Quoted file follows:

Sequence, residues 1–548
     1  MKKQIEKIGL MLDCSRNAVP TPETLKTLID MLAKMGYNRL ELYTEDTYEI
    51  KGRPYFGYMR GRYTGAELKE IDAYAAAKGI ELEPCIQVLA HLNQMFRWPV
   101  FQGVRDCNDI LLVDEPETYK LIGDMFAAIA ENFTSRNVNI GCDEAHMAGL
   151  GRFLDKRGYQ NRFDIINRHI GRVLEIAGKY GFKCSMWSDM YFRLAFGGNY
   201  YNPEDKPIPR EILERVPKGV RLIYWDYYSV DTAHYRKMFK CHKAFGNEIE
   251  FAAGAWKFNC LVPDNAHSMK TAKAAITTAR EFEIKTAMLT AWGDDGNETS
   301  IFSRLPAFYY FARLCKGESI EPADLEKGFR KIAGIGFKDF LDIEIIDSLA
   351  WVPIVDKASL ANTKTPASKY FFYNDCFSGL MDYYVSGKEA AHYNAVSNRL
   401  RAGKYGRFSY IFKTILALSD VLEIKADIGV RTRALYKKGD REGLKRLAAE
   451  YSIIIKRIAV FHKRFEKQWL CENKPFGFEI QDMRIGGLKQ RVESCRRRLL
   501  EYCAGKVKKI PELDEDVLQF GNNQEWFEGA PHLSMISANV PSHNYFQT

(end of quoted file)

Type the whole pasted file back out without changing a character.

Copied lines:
Sequence, residues 1–548
     1  MKKQIEKIGL MLDCSRNAVP TPETLKTLID MLAKMGYNRL ELYTEDTYEI
    51  KGRPYFGYMR GRYTGAELKE IDAYAAAKGI ELEPCIQVLA HLNQMFRWPV
   101  FQGVRDCNDI LLVDEPETYK LIGDMFAAIA ENFTSRNVNI GCDEAHMAGL
   151  GRFLDKRGYQ NRFDIINRHI GRVLEIAGKY GFKCSMWSDM YFRLAFGGNY
   201  YNPEDKPIPR EILERVPKGV RLIYWDYYSV DTAHYRKMFK CHKAFGNEIE
   251  FAAGAWKFNC LVPDNAHSMK TAKAAITTAR EFEIKTAMLT AWGDDGNETS
   301  IFSRLPAFYY FARLCKGESI EPADLEKGFR KIAGIGFKDF LDIEIIDSLA
   351  WVPIVDKASL ANTKTPASKY FFYNDCFSGL MDYYVSGKEA AHYNAVSNRL
   401  RAGKYGRFSY IFKTILALSD VLEIKADIGV RTRALYKKGD REGLKRLAAE
   451  YSIIIKRIAV FHKRFEKQWL CENKPFGFEI QDMRIGGLKQ RVESCRRRLL
   501  EYCAGKVKKI PELDEDVLQF GNNQEWFEGA PHLSMISANV PSHNYFQT